Here within the shatter, the sign in the window always glows Open. Wide Open, actually.

Except for the brief moments it glows Get the Fuck Out and Let’s Try Again Next Year.

That’s what staying strong looks like for us now.

Stay strong, my friend!

Playing Giant Free-Range Rubber Chicken Idea Ping Pong in the Field of Imagination

Playing Giant Free-Range Rubber Chicken Idea Ping Pong in the Field of Imagination

In late February 2017 before the gray skies here on Whidbey became blue, I looked out the window and saw a poem, about a dead tree, in the middle of the just-barely-beginning-to-bud forest. I called the poem Life 101. I eventually saw it for what it was: a poem for my friend Bernie DeKoven.

Six weeks later, in still-gray early April, my long-time friend and mentor Bernie DeKoven—the very friend who I was dedicating my new and most playful book to—shared with us that he has been diagnosed with the kind of cancer that ends your body’s time on earth, no matter how ridiculously cool and very much needed by everyone you are. He has a year to live, at most, the doctors’ say. The moment I heard, I got so angry. I cursed the universe, and life herself, as I wept and wondered how I would manage to honor his request. This request:

What I need is for you to continue your play/work however you can. Play games. Play the kind of games I like to teach – you know, those “funny games” – harmlessly intimate, vaguely physical games of the semi-planned, spontaneous, just-for-fun ilk, basically without equipment, or goal, or score or reason, even.

Teach those games to everyone. Play them outside, these games. In public. With friends. And strangers. As many as want to play with you.

Make up your own games. Make them up together with the people who play them. Play. Teach. Invent. Play some more.

Also especially – look into this playfulness thing too. Deeply. Because we’re not talking just games here. We’re talking about how you can let yourself be as playful as you’ve always been, how you can be playful almost anywhere with almost anyone, how you can invite people to be playful with you, in school and office and in the checkout line: all kinds of people with all kinds of abilities from all kinds of backgrounds.

Maybe download a free copy of A Playful Path, even.

But I wasn’t quite done being angry.

Jesus, Bernie, I thought. Really?

Be playful? Right here in this moment? In THIS year?! In this terrible, horrible, pain-in-the-ass, this-totally-sucks, you-give-us-f#$&ing-Trump-but-take-our-beloved-Bernie year? The year my mom’s Alzheimer’s disease will likely land my father in the hospital and her in a memory care facility? It’s like 2017 was specifically designed to make me give up, defeated, shouting “Screw you, universe!” from under the bed.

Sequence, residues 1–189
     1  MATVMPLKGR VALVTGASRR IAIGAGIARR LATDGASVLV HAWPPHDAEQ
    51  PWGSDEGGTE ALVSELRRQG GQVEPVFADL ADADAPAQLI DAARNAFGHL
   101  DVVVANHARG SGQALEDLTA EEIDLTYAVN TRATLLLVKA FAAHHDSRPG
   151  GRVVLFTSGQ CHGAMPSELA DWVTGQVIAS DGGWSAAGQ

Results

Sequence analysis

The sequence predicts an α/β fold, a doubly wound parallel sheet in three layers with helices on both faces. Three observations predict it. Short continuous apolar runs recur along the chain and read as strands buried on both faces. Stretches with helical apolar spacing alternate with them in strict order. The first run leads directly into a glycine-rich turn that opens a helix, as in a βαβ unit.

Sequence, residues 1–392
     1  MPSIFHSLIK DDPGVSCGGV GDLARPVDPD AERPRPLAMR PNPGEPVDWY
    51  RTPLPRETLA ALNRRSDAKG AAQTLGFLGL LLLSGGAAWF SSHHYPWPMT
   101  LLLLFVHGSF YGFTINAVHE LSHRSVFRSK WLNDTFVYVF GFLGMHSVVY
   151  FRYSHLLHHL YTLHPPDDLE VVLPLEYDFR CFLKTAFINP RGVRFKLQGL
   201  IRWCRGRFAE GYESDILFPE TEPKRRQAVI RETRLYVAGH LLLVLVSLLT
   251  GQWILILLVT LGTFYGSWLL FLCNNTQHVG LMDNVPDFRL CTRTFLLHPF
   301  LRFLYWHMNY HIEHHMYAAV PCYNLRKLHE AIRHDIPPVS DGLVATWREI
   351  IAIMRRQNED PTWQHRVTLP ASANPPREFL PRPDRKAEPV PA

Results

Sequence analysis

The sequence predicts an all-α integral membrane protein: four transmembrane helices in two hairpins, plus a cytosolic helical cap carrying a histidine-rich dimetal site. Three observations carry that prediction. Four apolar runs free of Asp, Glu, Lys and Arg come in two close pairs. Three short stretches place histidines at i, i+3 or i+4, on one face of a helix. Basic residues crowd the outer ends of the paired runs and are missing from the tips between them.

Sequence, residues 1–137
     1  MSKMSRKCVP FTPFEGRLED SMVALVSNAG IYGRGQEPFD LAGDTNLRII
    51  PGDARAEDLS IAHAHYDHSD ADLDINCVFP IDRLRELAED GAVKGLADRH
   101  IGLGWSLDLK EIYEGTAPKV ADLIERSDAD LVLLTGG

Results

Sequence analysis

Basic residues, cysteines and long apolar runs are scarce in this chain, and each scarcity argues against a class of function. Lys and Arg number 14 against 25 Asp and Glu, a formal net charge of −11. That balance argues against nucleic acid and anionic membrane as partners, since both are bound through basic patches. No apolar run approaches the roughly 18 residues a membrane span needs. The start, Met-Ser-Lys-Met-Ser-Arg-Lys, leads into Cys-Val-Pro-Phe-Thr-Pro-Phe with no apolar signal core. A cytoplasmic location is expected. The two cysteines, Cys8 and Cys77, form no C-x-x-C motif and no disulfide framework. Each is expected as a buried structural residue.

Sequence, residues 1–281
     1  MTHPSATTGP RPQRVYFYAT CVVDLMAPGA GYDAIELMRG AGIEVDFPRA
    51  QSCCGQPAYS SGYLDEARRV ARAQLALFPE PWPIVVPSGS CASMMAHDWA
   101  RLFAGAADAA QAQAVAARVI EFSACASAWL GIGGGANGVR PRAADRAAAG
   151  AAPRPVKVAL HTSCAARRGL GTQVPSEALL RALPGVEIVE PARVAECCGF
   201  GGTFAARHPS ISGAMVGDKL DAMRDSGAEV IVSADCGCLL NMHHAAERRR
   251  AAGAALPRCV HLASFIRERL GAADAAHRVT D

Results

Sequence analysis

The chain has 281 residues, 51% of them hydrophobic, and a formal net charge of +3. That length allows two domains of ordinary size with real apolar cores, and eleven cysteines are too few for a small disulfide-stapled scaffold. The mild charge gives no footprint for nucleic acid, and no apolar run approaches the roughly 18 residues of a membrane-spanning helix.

But then, there you are my dear, wonderful, stupid-head Bernie.

There you are: already being playful.

Still doing your daily play/work in the world, plus bringing in more playful swings to your local park. Still being my playful muse/mentor/friend. And doing the same for so many, many others, too. You’re just, just… what?

You’re just so damn beautiful.

The love and kindness that you share with Rocky, your kids and grandkids, neighbors, old friends, and new friends? The play/work you share with us? The videos. The talks. The games. The websites. The blog posts. All of it.

It’s just so beautiful.

God dammit, Bernie. How am I supposed to be the playful being that I want to be without you here?

Without you around, who am I going to bounce ideas across our country to as if the country is just a giant ping-pong table, with a Rocky Mountains net, and our ideas just giant bouncing balls to play with?

Or wait, no. Rubber chickens.

Ooo, yeah! Giant Free-Range Rubber Chicken Idea Ping Pong.

How fun would that be? No. That’s not quite right, is it?

How fun it’s been! How lucky we have been. You and I have been playing Giant Free-Range Rubber Chicken Idea Ping Pong for more than six years now. I remember the first time that you commented on my blog. Remember blushing to my roots when I realized who you were. It was like Elvis giving advice to his most star-struck, teenage fan (well, an older Elvis and a very old teenage fan). 😉

And I remember the day you told us that you’d turned down a professorship so that you could just keep on doing what you do–the writing and the playing and the speaking and the wandering. I did that once too, about 8 years back. I didn’t fully know why then, but now, my friend, I do. It was saying no to them that allowed me to play this game with you. What a gift. What a solid choice based on nothing much more than intuition. Hmmm…

Bernie, wherever you go and whenever you go, I’ll still come meet you in the warm evening sun. Right here, within the field of imagination, on our country-sized ping-pong table with our playful ideas flying in directions both silly and profound, and sometimes going in wholly unexpected directions like so many rubber chicken balls. Just ask Mahatma Gandhi. I’ve been playing ping pong with him since I was 11 years old. He’s been dead the whole time, and he still kicks my ass regularly.

I suspect that you and I will be playing Giant Free-Range Rubber Chicken Idea Ping Pong as long as it’s fun for us. Which—given our skill level, general love of play, and abiding love and faith in each other—will be long after both of our bodies are gone.

We may have to give up the body when the body says it’s done, but we don’t have to give up playing, player.